The Student Operation to Bring Sderot Back from the Edge
By Tsvi Dahan
Many continue to pray that Israel’s recently completed Operation Protective Edge will finally bring an end to the rockets that have rained down on the Negev city of Sderot since the second Palestinian intifada broke out in 2001. Yet for residents of the beleaguered town that is only a Qassam’s-throw from Gaza, victory is not measured by military gains.
The people of Sderot want to win back their city. They want to find a way of restoring its beat and rhythm. But even if the immediate threat of rockets is curtailed, a city with a sordid history of terror stands little chance of ever being revived. And terror is only one variable in the equation. Sderot remains one of Israel’s most impoverished cities, with a disproportionately large number of welfare recipients, many of whom are illiterate immigrants from Ethiopia and the former Soviet Union. The burden of educating and integrating individuals of these diverse backgrounds is, by its own admission, beyond the capacity of Sderot’s local municipal authority, which is overwhelmed with simply trying to protect its citizens from the ongoing security threat.
Additionally, young people tend not to stay in Sderot, and this negative net migration means the city also has a population that is mostly elderly. Enter Ayalim’s latest initiative: building a student village in Sderot.
Ayalim, the largest Zionist youth movement in Israel, aims to develop the country’s social and geographical peripheries. Although the Negev and Galilee together comprise around 80 percent of Israel’s total land, only 8 percent of the country’s economy comes from those areas. With the vision of realizing David Ben-Gurion’s dream of “making the desert bloom,” Ayalim hopes to reverse that trend. Since its inception in 2002, Ayalim has built 14 student villages across Israel, housing close to 1,000 students. But with more than 300 students set to move in beginning this October, the Sderot village will become the biggest one yet. Construction began just before the outbreak of the latest operation in Gaza, and Prime Minister Benjamin Netanyahu gave final approval for the village at an Aug. 10 cabinet meeting.
As a nonprofit, Ayalim aims to keep costs down by using existing buildings and finding other inventive ways to reuse in its formation of student villages. In the case of Sderot, the village will utilize an abandoned elementary school in the town center as well as recycled shipping containers. Bizarre as it may seem, shipping containers make for ideal housing because in addition to being cost-effective, they are extremely durable and quick to build.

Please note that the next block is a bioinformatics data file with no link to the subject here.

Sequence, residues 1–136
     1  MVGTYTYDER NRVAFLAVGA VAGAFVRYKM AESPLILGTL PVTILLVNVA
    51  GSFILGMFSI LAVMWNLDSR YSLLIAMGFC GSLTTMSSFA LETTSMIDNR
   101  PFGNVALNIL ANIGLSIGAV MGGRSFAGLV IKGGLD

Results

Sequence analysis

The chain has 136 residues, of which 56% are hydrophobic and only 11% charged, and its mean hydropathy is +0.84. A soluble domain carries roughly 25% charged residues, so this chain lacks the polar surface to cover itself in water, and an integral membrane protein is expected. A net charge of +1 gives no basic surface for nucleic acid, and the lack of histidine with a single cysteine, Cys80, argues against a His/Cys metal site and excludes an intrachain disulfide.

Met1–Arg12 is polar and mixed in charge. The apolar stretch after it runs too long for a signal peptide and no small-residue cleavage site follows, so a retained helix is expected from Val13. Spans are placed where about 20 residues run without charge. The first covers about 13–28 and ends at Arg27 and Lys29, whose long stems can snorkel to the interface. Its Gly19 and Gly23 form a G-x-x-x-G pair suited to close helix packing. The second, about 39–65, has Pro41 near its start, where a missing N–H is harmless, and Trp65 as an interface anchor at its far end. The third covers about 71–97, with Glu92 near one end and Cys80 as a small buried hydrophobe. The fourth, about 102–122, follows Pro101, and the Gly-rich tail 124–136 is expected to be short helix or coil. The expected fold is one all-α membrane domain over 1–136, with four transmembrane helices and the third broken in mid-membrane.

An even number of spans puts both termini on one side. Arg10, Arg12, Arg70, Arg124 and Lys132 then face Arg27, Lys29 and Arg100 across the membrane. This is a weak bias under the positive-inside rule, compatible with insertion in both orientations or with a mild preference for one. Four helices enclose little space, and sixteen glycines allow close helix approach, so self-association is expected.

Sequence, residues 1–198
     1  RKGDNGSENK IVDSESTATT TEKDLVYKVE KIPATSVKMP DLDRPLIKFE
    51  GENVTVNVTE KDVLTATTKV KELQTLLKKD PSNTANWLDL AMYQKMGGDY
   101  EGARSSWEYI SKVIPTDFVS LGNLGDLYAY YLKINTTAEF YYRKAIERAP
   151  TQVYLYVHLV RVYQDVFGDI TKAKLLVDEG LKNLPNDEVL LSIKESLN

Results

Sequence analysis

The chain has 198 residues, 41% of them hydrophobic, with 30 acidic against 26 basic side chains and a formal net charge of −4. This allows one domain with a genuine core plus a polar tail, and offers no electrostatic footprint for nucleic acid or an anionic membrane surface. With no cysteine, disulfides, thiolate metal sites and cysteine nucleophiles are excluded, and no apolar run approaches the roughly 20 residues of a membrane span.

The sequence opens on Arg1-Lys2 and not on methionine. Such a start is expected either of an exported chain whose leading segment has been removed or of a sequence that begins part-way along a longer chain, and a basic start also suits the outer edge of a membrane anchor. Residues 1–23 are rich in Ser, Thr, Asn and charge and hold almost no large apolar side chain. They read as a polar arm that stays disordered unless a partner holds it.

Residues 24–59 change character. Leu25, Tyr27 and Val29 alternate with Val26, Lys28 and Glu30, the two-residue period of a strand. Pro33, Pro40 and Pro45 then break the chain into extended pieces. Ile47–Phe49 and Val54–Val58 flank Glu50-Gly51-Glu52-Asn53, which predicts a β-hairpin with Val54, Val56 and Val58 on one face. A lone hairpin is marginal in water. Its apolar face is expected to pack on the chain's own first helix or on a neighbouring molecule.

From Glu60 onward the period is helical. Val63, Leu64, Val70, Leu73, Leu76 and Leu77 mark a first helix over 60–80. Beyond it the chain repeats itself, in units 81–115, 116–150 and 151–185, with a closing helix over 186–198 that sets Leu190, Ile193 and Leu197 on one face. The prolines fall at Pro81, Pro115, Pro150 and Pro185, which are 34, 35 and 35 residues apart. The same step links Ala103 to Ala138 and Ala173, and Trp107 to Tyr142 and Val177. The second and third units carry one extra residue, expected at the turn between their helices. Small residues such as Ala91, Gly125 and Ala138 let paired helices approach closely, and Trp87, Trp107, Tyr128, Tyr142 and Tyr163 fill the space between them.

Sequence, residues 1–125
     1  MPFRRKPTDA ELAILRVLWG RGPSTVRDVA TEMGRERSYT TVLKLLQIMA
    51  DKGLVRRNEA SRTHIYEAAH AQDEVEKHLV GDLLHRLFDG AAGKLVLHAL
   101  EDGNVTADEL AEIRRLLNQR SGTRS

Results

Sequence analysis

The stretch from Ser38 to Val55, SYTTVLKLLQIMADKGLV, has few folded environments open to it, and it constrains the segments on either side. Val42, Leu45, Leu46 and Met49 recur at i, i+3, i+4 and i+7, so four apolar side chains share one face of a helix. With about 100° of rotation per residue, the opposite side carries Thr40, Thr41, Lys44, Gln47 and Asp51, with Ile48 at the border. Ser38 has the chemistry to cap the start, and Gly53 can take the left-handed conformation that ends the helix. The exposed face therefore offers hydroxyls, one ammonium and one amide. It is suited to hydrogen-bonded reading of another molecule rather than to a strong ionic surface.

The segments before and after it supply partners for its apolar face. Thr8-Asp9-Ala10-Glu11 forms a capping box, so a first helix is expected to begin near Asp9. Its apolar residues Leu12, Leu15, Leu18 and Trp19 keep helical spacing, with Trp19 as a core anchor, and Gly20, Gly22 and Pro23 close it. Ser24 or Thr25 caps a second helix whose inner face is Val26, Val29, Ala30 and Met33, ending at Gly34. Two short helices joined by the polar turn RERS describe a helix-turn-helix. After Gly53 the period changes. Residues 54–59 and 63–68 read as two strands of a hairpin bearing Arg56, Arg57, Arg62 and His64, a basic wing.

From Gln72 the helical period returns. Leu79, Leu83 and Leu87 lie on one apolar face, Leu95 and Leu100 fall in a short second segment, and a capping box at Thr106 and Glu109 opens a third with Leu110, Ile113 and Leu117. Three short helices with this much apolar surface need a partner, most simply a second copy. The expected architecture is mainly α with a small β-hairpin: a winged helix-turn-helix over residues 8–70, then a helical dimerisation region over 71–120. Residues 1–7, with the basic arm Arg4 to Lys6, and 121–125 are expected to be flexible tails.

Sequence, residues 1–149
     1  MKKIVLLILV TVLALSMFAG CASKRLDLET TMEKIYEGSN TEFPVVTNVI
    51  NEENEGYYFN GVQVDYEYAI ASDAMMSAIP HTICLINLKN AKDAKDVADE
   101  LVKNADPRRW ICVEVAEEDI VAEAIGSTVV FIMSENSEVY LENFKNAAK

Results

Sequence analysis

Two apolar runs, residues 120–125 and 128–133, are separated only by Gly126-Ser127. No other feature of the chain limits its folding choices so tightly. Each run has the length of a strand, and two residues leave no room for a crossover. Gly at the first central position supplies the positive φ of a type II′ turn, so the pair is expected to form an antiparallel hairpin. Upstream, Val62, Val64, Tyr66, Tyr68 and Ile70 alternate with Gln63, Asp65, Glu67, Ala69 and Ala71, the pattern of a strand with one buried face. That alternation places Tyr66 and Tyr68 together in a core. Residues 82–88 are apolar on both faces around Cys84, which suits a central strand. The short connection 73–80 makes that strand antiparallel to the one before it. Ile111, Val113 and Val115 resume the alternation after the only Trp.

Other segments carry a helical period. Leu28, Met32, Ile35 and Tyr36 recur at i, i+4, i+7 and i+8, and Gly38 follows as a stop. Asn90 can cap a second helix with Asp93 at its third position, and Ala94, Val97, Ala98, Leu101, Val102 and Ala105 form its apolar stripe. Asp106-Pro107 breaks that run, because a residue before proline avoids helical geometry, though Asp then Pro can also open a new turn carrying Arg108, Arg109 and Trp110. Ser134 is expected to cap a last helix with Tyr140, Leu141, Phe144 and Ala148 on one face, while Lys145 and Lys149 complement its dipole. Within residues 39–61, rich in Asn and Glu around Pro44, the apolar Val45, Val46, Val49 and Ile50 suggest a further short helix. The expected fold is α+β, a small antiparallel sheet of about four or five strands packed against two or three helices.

Did the latest operation in Gaza mean that construction was put on hold?
“Absolutely not,” said Anaelle Lauer, who is also part of Ayalim’s partnership development team. “In fact, just the opposite. We think this is the exact time to continue to demonstrate our solidarity with the citizens of Sderot, and for that reason we’re going full steam ahead.”
According to Lauer, the volunteers – who are in their “shnat sherut,” a gap year for Israeli post-high school students performing national service – are working around the clock to get the project finished in time.
“It isn’t always easy,” she said. “Sometimes you’re up on a ladder hammering away and a siren blares, and then of course you have 15 seconds to scramble to the [bomb] shelter.”
It isn’t only Israelis who are giving up their time to rebuild Sderot. At the behest of ARZA, the Zionist wing of the Reform movement, a group of rabbis from around the U.S. volunteered at the construction site during the height of Operation Protective Edge. Unafraid to get their proverbial hands dirty, the rabbis were involved in anything from bricklaying to spackling.
“The work [Ayalim] is doing in Sderot is of utmost importance,” said Rabbi Bennett Miller of Anshe Emeth Memorial Temple in New Brunswick, N.J. “I was honored to be a small part of it.”